Sunday, September 5, 2010

Wash Your Hands Right Now!


Well, I just discovered that hand washing affects your moral judgment and gives a more lenient attitude toward sinners and wrong doers. And since I'm pretty sure I fall into both categories, it occurs to me that before reading this page a good hand washing might be in order!

wash hands

I find this really interesting. It has all sorts of implications! For example - would something like this help when you're having a problem with your significant other? with your children? If someone gives you a hard time, couldn't you just suggest a good hand washing? It might be better than a hand wringing in a bad situation.... Does a picture of someone washing their hands have a similar effect? Could I post something like that on my front door? I'm intrigued by the whole thing. So... Here's the article, what do you think?

The old adage that cleanliness is next to godliness has now received scientific support after researchers discovered washing your hands can affect your moral judgment.

People who wash their hands make less severe judgments. A new study has found that people are more likely to be lenient in making decisions if they have just washed their hands.

British scientists who carried out the research said the findings suggest that jurors in criminal trials who have cleansed their hands may make their verdict less severe.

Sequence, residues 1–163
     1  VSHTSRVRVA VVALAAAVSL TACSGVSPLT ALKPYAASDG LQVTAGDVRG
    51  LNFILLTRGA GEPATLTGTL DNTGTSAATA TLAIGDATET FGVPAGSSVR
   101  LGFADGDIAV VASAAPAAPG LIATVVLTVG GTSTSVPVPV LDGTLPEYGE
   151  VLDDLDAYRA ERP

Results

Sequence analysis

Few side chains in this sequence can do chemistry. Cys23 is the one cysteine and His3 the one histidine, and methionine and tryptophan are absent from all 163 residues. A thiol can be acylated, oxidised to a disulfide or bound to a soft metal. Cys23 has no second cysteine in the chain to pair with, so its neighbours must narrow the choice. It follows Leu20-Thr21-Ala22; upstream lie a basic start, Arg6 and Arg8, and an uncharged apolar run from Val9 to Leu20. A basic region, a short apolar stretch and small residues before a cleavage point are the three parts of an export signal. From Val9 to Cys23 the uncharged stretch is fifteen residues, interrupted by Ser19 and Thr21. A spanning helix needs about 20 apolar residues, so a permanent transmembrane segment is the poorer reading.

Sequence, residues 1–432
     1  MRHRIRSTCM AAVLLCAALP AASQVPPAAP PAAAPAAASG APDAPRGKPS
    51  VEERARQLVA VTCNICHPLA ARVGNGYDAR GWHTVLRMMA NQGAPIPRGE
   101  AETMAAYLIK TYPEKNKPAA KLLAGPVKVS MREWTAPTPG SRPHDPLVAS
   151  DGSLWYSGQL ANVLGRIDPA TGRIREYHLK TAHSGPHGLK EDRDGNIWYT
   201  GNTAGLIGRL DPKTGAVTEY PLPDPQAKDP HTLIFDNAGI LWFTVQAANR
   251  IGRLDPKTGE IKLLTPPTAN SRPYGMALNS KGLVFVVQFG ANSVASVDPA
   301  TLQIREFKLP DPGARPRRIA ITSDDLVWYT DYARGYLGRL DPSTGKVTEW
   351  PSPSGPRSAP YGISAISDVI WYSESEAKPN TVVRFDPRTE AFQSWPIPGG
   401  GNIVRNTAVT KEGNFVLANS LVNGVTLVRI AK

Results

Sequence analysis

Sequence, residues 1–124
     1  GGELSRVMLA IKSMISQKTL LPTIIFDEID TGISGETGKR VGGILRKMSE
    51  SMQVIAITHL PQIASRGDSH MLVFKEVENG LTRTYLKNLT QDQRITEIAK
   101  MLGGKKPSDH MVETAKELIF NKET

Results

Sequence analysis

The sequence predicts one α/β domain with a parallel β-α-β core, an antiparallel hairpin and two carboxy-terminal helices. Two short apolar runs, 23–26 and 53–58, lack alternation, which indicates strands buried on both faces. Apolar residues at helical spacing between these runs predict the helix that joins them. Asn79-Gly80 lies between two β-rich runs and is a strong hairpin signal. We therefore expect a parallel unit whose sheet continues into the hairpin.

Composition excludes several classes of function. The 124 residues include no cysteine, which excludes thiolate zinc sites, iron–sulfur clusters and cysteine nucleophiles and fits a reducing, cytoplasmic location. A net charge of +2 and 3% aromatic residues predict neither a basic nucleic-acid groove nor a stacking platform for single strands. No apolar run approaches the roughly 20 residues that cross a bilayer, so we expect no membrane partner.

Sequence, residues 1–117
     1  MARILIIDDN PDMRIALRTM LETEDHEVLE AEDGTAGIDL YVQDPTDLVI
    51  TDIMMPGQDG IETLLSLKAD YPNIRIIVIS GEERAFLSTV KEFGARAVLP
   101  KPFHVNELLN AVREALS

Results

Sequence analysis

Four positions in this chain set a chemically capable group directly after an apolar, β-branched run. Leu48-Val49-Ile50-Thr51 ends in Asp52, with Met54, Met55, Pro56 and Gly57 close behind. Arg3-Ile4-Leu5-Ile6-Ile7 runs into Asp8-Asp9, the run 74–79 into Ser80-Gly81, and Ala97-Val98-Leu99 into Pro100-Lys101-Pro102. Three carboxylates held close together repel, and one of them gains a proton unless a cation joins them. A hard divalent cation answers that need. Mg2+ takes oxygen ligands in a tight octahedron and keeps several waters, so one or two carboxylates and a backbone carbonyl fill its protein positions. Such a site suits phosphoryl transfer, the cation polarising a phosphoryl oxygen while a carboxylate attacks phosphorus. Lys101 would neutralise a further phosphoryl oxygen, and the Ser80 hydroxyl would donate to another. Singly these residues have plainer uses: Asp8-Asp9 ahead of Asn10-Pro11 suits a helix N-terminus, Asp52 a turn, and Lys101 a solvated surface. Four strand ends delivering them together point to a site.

This suggests that voters may be more likely to excuse a politician's misdemeanours when going to the ballot box if they have just had a shower.

In the study, 22 people who had washed their hands, and 22 who had not, were made to watch a disgusting three-minute clip of heroin addicts from the hit film Trainspotting.

All 44 were then asked to rate how morally wrong they deemed the series of acts shown to them on a scale of one to nine, with one being acceptable and seven being very wrong.

The actions included stealing money from a wallet, lying on a job application, cooking and eating the family dog, killing a dying plane crash survivor to avoid starvation, and abusing a kitten.

All said they thought the actions were 'wrong'. However, the participants who had washed their hands were less likely to judge the actions as harshly as the group who had not.

In another experiment, a group was asked to read sentences with words such as 'purity' and 'cleanliness' before being posed the same moral dilemmas. Another group was given sentences with neutral words.

Again, the 'clean' group judged the unethical behaviour less harshly.

Lead researcher Dr Simone Schnall, a psychologist at the University of Plymouth, said: "We like to think we arrive at decisions because we deliberate, but incidental things can influence us.

"This could have implications when voting and when juries make up their minds."

Lancaster University psychologist Professor Carey Cooper described the findings as "terrifying". He said: "It suggests that washing can make us more prepared to accept wrongdoing. It is very scary when you think of the implications, especially in the judicial world."

Article by Murray Wardrop

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